Another feature useful for dealing with polymetric structures is the handling of undetermined rests: notated '_rest' or '...' (Use option semi-colon on a US keyboard, never type three periods) Each field in a polymetric expression may contain one undetermined rest appearing anywhere in the sequence. BP2 first determines the structure ignoring fields with undetermined rests, then it scans again fields with undetermined rests. Some among them have fixed durations because they contain an explicit tempo marker, e.g.:

{/1 fa5 {la5 si5,do6 re6 mi6}, do1 _rest /2 fa1 }

in which the second field contains "/2", i.e. two sound-objects per time unit. It also means that "do1" should be performed at (default) one-sound-object-per-time-unit tempo, which is formally notated:

{/1 fa5 {la5 si5,do6 re6 mi6}, /1 do1 _rest /2 fa1 }

The symbolic duration of the first field (hence, of the second field as well) is that of sequence "/1 fa5 la5 si5", i.e. three units. The duration of the second field is 3/2 units plus the undetermined rest. Therefore the undetermined rest is also 3/2 units, which could have been written:

{/1 fa5 {la5 si5,do6 re6 mi6}, do1 3/2 /2 fa1 }

An error message is generated if there is insufficient time for a rest. An undetermined rest is meant to yield the simplest possible expression. For example,

{fa5 {la5 si5,do6 re6 mi6}, do1 re1 mi1 ... fa1 }
= {fa5 {la5 si5,do6 re6 mi6}, do1 re1 mi1 - - fa1 }
= {fa5 _ {la5 _ si5 _ , do6 _ re6 _ mi6 _ }, do1 re1 mi1 - - fa1 }

(See Bel 1990a, 1991, 1992).

Let us now compare polymetric expressions with event tables used in MIDI sequencers. The following musical fragment is borrowed from the COMPOSE Tutorial and Cookbook (Ames 1989:2):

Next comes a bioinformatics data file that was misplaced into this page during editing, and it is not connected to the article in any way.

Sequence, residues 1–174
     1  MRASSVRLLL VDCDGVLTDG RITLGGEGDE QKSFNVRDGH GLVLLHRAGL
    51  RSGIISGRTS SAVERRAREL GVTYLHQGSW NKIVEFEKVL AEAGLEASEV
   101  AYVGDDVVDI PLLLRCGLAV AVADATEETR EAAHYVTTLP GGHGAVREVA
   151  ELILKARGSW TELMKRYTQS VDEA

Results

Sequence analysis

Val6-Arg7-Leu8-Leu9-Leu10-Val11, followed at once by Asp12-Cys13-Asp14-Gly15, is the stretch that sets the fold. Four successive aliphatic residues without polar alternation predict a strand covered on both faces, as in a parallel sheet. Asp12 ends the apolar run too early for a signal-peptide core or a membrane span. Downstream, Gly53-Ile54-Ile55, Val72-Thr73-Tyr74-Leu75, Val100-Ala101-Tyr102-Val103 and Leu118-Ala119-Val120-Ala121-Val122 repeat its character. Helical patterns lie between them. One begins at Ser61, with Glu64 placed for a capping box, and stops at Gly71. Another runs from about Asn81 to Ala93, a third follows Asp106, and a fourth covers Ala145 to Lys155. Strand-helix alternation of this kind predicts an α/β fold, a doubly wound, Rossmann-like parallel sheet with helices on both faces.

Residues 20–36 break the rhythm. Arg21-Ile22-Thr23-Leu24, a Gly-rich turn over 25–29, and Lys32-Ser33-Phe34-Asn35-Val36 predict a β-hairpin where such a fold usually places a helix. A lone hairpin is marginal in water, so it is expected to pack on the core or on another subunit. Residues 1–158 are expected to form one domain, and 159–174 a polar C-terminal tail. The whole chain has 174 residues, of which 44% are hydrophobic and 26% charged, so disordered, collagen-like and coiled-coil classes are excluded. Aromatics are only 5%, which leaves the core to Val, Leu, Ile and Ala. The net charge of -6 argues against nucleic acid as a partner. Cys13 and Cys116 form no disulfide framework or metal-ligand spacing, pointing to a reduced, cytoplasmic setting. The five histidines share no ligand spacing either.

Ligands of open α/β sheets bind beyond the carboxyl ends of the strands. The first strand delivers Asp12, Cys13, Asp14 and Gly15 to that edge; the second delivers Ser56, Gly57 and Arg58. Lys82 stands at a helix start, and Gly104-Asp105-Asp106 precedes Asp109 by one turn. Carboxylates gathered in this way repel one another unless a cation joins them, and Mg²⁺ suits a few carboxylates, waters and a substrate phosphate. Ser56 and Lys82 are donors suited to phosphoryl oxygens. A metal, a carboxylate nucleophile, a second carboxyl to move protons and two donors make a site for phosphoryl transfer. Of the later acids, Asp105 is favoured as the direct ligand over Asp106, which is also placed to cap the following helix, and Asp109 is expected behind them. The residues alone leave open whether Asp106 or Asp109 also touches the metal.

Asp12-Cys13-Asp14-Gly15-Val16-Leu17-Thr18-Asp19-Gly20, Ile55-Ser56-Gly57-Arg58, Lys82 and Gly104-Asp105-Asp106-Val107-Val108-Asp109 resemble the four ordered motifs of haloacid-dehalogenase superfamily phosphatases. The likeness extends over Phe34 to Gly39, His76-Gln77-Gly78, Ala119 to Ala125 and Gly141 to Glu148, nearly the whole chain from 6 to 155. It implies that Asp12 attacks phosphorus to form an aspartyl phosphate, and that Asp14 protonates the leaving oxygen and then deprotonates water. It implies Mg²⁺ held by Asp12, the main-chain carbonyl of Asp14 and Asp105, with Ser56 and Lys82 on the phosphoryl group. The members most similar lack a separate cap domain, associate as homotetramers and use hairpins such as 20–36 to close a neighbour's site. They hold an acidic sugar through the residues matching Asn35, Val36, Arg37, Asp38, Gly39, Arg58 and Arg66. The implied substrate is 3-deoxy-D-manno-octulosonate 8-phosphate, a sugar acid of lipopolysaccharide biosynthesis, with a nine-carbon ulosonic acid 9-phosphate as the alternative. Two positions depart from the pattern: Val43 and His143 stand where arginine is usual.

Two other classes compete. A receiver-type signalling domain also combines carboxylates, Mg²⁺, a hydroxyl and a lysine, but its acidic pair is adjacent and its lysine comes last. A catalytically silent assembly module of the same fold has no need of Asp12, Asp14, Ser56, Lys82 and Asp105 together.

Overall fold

Fig.9

Fig.10
The list of events for this example is given in the event table (ibid:3):

 Period.667.667.667.51.2502.25 Duration.6671.333.667.53.52.25.25 PitchR [rest]F#3F5:A5G#3:E5:G5Bb4C6:E6G#5:B6
where "period" stands for the time elapsed from the on-setting of a note (or rest or chord) to the on-setting of its successor.

A possible (yet arguable) structural analysis of this example is

Fig.11

The score shown Fig.11 may be generated by the following grammar. Variables A1, A2, etc. must be written between vertical bars so that they are not confused with terminal symbols (musical notes A1, A2, etc.).

S --> {|A|,... |B|}
A --> {2, |A1|,2 |A2|} {4, |A3|}
|A1| --> {|A11| ..., - |A12|}
|A3| --> |A31| |A32|
|A11| --> -
|A12| --> {2,F#3}
|A2| --> {F5,A5}
|A31| --> {1/2,G#3,E5,G5}
|A32| --> {3/2,Bb4&} {2,&Bb4}
B --> {1/4,G#5&,C6,E6,B6&} {2,&G#5,&B6}
... (other rules in the same grammar)

yielding a unique derivation:

{{2 ,{- ...,-{2 ,F#3}},2 {F5,A5}}{4 ,{1 /2 ,G#3,E5,G5}{3 /2 ,Bb4&}{2 ,&Bb4}},...{1 /4 ,G#5&,C6,E6,B6&}{2 ,&G#5,&B6}}

Time information is redundant in this representation (evidently, 4 = 1/2 + 3/2 + 2), but it is consistent. BP2 will produce the following expanded representation

/12{{-_ _ _ _ _ _ _ F#3_ _ _ _ _ _ _ _ _ _ _ _ _ _ _ ,-_ _ _ _ _ _ _ -_ _ _ _ _ _ _ {F5_ _ _ _ _ _ _ ,A5_ _ _ _ _ _ _ }}{G#3_ _ _ _ _ ,E5_ _ _ _ _ ,G5_ _ _ _ _ }Bb4_ _ _ _ _ _ _ _ _ _ _ _ _ _ _ _ _ & &Bb4_ _ _ _ _ _ _ _ _ _ _ _ _ _ _ _ _ _ _ _ _ _ _ ,-_ _ -_ _ -_ _ -_ _ -_ _ -_ _ -_ _ -_ _ -_ _ -_ _ -_ _ -_ _ -_ _ -_ _ -_ _ {G#5_ _ &,C6_ _ ,E6_ _ ,B6_ _ &}{&G#5_ _ _ _ _ _ _ _ _ _ _ _ _ _ _ _ _ _ _ _ _ _ _ ,&B6_ _ _ _ _ _ _ _ _ _ _ _ _ _ _ _ _ _ _ _ _ _ _ }}

which is internally represented:

/12 {/12 {/6 /18 - /9 F#3 /18 /6 ,/18 - -{/18 F5,/18 A5}/18 }/12 /12 {/24 G#3,/24 E5,/24 G5}/12 /8 Bb4&/12 /6 &Bb4 /12 /12 ,/12 /48 - - - - - - - - - - - - - - - /12 {/48 G#5&,/48 C6,/48 E6,/48 B6&}/12 {/6 &G#5,/6 &B6}/12 }/12

The philosophy behind polymetric representation is that it should contain a minimum amount of time information, for two major reasons:

(1) there is a lot of time information that the machine is able to calculate, for instance here the duration of chord {F5, A5};
(2) timing information should be based on final items, therefore on contextual information regarding tempo.